Disparities down in death after surgery.
Gaps in post-surgical mortality between blacks and whites have narrowed, but disparities still exist, researchers reported in June.
In a study published in Health Affairs, researchers found that postoperative mortality rates for a number of procedures have declined among black and white patients--0.1 percent and .07 percent per year, respectively--which has narrowed the disparity gap as well. The study is based on Medicare inpatient data for more than 6 million people ages 65 and older between 2005 and 2014. Over the study period, mortality rates for black patients improved more quickly than for white patients on six of the eight surgical procedures studied.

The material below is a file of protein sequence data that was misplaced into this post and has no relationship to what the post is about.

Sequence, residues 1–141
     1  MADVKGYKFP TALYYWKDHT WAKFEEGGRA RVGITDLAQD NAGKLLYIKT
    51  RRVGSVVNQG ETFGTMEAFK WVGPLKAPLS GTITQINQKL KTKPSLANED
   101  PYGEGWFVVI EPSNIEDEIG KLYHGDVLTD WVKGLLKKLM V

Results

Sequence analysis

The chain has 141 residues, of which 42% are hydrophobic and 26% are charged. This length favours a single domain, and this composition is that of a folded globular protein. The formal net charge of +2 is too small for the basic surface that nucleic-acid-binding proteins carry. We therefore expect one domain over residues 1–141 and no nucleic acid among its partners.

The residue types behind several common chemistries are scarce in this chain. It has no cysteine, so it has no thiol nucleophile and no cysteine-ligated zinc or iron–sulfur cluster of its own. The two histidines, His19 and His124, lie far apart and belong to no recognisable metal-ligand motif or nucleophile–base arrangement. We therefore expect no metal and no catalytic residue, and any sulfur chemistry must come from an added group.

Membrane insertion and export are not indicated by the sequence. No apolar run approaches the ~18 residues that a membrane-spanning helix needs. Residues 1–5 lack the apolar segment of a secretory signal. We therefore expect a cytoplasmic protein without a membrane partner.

The study also found that certain hospitals, such as those in the U.S. Midwest and West and those that cared for fewer minority patients, improved their mortality rates more than others. Much of the positive gains for black patients were due to improvements within hospitals, rather than from patients switching to higher-quality hospitals.
"These findings are good news for policymakers interested in seeing reductions in disparities in mortality after major surgery, yet they also highlight the need to focus more on minority-serving hospitals," the study stated.
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|Title Annotation:||HEALTH FINDINGS: The latest public health studies and research|
|Publication:||The Nation's Health|
|Date:||Sep 1, 2017|
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